There is a dirty secret hiding in the crawlspace under our house – an oil-fired furnace. I’m sure when our house was built in 1948, central heating was the latest-and-greatest, and the hot water heating system using radiators has been working just fine since then. Seventy years later after at least two major upgrades to this heating system, it is time to replace it.
Why replace it?
- The current oil-fired hot water heating system is a complicated system consisting of: hot water boiler, combustion chamber, oil burner, multiple temperature regulators, hot water circulation pump, two copper water lines to each radiator, hot water expansion tank, furnace oil tank, oil supply lines and filters, exhaust ducting to a chimney flue.
- The cost of furnace oil goes up and down with the market, but as was illustrated with our colder-than-normal winter this year, the annual cost of fuel can easily jump by $500 to $1,000 – an increase of 30% to 50%. Of course, we all know the long term cost trend of petroleum products is upward.
- Then there is the matter of storing furnace oil on the property. Any kind of leak into the soil and groundwater means the homeowner is responsible for what can be an exceedingly expensive clean-up. Insurance doesn’t cover this expense, which can easily run to $100,000!
- The current system only provides heat, no cooling. Although Victoria has a mild climate and is known for sea breezes, we have found that our location in the city gets uncomfortably hot during the summer months.
- The whole house can only be set to one temperature. Radiators can be manually shut off, but there is no automation.
- I have tree pollen allergies, so between February and June of each year when pollutants and pollen drift into the house through open windows, my allergies kick up. I have used standalone Hepa air filter units, but they have limited effectiveness with removing particulates from the air. During allergy season, we try our best to keep the windows closed as much as possible, and to keep the house (and ourselves) extra clean, but it is a loosing battle. Our neighbourhood abounds with pollen-producing trees of all kinds.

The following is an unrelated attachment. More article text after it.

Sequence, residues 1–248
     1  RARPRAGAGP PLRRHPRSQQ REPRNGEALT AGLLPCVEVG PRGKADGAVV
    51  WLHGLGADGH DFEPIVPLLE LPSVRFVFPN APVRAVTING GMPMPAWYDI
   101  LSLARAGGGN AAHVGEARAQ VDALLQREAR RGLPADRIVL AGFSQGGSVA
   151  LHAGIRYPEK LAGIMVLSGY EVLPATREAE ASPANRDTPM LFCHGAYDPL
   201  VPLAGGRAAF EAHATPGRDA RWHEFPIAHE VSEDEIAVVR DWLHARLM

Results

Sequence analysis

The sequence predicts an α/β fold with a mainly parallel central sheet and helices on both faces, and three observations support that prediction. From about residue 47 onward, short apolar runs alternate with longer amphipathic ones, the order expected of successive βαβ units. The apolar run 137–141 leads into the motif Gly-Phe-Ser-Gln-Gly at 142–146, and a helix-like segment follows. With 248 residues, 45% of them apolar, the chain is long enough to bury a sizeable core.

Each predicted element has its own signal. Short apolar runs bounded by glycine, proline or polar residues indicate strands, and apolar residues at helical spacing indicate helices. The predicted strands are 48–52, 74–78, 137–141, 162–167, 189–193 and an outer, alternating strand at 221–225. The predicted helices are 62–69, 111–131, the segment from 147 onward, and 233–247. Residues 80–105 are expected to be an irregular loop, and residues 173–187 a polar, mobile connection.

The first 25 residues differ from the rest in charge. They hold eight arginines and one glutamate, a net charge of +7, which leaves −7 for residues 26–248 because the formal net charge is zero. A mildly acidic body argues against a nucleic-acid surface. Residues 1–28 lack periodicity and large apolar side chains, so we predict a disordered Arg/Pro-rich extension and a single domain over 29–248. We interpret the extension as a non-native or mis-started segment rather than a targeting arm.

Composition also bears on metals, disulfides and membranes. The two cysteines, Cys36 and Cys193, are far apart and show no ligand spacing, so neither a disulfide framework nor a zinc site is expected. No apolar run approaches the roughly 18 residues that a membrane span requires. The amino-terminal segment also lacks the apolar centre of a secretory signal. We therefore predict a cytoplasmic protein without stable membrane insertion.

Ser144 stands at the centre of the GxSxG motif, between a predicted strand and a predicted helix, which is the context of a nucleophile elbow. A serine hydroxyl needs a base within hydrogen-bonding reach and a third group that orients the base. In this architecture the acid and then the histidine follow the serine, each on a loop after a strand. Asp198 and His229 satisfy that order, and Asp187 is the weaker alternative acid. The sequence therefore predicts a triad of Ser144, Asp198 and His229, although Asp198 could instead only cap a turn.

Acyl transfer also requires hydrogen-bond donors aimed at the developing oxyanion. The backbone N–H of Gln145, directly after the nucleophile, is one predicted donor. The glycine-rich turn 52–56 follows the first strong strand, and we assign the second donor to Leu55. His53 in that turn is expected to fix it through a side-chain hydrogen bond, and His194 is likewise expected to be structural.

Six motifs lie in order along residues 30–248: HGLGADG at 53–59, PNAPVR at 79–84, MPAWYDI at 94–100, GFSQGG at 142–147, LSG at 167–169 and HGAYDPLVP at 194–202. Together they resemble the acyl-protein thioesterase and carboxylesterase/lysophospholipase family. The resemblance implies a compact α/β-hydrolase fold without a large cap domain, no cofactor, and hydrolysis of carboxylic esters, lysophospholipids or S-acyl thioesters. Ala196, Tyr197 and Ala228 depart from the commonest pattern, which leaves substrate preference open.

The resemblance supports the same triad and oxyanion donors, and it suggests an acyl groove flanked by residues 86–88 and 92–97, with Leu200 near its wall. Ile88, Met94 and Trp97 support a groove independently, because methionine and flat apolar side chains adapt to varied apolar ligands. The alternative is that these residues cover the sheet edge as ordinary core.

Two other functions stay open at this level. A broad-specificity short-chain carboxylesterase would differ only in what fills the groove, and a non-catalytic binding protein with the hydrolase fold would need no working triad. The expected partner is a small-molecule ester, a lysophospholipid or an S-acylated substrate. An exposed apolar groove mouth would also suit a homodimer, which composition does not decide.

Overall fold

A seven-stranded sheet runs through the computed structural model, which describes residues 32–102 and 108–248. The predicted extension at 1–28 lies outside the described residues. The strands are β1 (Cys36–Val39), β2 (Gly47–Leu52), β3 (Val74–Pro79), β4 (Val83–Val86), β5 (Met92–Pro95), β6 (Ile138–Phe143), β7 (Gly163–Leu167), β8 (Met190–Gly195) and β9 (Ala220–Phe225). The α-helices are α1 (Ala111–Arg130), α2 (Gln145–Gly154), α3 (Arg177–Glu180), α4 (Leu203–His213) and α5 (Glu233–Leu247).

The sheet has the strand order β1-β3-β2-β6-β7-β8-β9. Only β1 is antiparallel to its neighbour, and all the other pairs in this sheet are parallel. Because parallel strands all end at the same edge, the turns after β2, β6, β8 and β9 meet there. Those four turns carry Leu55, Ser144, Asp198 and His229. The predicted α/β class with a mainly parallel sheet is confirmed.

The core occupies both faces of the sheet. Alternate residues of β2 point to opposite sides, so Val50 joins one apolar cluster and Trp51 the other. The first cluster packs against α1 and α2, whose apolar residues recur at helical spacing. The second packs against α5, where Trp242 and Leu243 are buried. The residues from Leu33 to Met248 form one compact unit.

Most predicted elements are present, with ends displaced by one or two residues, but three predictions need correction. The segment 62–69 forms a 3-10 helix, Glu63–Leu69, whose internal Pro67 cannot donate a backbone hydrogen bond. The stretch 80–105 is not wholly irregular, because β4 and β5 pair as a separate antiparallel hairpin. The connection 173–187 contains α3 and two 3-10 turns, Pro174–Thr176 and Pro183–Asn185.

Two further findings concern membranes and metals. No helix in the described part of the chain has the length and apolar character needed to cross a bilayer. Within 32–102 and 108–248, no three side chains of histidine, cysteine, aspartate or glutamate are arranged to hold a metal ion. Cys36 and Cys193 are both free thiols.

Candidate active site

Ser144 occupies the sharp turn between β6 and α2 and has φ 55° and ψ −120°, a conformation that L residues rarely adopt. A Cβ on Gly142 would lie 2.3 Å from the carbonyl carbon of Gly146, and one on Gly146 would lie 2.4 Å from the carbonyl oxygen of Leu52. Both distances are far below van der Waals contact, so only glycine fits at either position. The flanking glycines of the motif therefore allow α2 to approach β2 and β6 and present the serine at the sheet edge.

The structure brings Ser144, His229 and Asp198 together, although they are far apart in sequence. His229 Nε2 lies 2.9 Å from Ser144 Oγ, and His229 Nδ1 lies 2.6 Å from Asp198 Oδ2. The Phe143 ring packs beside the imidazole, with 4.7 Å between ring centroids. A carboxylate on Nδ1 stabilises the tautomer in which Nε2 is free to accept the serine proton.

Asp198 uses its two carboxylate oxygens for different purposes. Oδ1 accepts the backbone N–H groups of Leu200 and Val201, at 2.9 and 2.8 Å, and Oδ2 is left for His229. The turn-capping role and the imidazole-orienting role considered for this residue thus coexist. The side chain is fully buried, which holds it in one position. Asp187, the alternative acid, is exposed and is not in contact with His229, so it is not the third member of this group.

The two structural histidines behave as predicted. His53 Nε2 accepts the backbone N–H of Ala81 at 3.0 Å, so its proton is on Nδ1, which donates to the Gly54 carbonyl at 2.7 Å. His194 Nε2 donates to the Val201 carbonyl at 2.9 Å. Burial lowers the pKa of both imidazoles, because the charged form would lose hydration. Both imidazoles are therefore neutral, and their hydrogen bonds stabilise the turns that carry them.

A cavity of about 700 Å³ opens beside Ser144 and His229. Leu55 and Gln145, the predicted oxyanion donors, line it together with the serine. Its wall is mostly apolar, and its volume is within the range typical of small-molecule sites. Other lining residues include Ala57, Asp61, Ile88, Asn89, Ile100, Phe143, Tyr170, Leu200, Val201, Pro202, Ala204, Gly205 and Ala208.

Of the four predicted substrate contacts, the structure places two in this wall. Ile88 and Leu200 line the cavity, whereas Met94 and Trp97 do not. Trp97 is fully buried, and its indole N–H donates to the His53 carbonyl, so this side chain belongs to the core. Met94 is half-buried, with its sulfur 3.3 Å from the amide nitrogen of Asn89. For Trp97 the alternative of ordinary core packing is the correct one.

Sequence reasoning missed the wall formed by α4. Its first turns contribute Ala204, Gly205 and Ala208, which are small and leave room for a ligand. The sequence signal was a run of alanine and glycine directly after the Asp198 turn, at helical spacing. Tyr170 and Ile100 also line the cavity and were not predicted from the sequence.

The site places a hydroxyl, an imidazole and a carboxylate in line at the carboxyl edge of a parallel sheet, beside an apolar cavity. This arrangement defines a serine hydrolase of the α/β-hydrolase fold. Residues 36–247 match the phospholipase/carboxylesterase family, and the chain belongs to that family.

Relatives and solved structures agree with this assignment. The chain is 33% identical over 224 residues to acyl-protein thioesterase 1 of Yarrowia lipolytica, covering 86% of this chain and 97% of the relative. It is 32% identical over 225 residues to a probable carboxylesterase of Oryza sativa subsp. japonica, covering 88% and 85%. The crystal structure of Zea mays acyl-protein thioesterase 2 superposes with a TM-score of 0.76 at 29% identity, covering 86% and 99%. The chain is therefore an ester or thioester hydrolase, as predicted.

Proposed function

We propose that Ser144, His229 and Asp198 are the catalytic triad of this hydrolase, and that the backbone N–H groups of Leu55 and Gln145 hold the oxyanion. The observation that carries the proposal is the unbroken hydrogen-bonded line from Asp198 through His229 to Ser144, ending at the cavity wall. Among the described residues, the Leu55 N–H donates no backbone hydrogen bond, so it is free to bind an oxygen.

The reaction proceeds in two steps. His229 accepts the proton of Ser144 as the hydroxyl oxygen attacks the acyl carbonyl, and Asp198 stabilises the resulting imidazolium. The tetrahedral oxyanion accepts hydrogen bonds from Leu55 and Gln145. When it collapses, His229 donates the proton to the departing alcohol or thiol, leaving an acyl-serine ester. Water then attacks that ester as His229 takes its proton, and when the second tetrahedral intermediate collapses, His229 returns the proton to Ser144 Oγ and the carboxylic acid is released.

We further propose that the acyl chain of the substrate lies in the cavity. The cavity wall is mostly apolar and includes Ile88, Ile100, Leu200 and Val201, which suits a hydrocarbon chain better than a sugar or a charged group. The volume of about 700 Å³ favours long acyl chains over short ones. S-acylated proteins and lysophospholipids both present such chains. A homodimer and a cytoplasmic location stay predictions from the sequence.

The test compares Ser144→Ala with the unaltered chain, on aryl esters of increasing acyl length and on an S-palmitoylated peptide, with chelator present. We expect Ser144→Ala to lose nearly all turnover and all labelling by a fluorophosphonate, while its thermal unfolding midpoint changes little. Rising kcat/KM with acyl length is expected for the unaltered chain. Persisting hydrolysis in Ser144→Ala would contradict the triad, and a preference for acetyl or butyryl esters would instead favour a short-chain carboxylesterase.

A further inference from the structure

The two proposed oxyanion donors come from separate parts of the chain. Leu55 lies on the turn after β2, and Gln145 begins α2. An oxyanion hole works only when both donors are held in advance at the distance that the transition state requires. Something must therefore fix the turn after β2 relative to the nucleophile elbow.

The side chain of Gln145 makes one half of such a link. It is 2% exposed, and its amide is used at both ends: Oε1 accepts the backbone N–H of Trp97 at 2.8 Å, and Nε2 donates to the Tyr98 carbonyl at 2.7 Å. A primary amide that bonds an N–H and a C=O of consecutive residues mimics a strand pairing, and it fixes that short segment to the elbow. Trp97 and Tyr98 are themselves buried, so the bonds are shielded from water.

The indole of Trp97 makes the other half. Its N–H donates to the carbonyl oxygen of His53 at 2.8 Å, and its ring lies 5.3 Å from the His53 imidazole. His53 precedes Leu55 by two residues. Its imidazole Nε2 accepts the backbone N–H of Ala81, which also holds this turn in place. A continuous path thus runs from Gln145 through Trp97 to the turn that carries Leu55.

Our house is built on top of a huge Vancouver Island rock, so pumping heat out of and into the rock can be a good option, however retrofitting a geothermal system is exceedingly expensive and disruptive. Replacing the furnace with a new, more efficient one using natural gas as a fuel is a popular option, but there are no gas lines down my street and I don’t want to substitute one carbon-based fuel for another. Installing electric baseboards is easy and inexpensive, but the running costs are expensive. Electric radiant heating in the floors would be a nice option if our floors needed replacing or we were doing a major renovation, but otherwise electric radiant heating can be both expensive to install and run. Additionally, none of these options would give us air filtering or cooling without expensive add-ons.
Through a process of elimination, we decided on an air-to-air heat pump…a solution I hadn’t considered until recently. I dismissed heat pumps as an option awhile ago by erroneously assuming that they weren’t a good option for upgrading heating systems in older homes. As it turns out, heat pumps are relatively inexpensive and the ductless versions are quick to install, and there are many companies in the city who do this work.
Benefits of a ductless heat pump
- Air conditioning will be much appreciated on hot days!
- Temperature zones – the bedroom, main living areas and my office can be set to different temperatures, and heating/cooling can vary independently throughout the day. No more thermostat wars!
- Temperature changes in a room happen within minutes with a heat pump instead of hours with hot water radiators.
- Lower cost – paying for electricity for this heat pump system is projected to be at least half the cost of furnace oil.
- Eliminate environmental risk – no potential ground water and soil clean-up costs once the oil furnace and tank is removed.
- Reduce indoor pollutants – the indoor heat pump wall units come with two filtration systems built-in.
- Reduce carbon emissions – air pollution is reduced to extremely low levels by moving away from oil to hydro-generated electricity.